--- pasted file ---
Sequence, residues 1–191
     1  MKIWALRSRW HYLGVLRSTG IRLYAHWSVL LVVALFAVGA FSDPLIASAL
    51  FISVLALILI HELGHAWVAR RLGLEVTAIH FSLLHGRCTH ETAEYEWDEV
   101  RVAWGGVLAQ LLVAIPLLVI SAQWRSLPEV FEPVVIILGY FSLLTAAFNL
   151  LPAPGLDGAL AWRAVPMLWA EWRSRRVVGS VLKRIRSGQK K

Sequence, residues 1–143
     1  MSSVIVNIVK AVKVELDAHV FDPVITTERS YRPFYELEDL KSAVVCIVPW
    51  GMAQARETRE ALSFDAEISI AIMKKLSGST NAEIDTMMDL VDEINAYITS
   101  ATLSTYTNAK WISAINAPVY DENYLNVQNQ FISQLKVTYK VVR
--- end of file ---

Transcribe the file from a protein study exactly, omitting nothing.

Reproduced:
Sequence, residues 1–191
     1  MKIWALRSRW HYLGVLRSTG IRLYAHWSVL LVVALFAVGA FSDPLIASAL
    51  FISVLALILI HELGHAWVAR RLGLEVTAIH FSLLHGRCTH ETAEYEWDEV
   101  RVAWGGVLAQ LLVAIPLLVI SAQWRSLPEV FEPVVIILGY FSLLTAAFNL
   151  LPAPGLDGAL AWRAVPMLWA EWRSRRVVGS VLKRIRSGQK K

Sequence, residues 1–143
     1  MSSVIVNIVK AVKVELDAHV FDPVITTERS YRPFYELEDL KSAVVCIVPW
    51  GMAQARETRE ALSFDAEISI AIMKKLSGST NAEIDTMMDL VDEINAYITS
   101  ATLSTYTNAK WISAINAPVY DENYLNVQNQ FISQLKVTYK VVR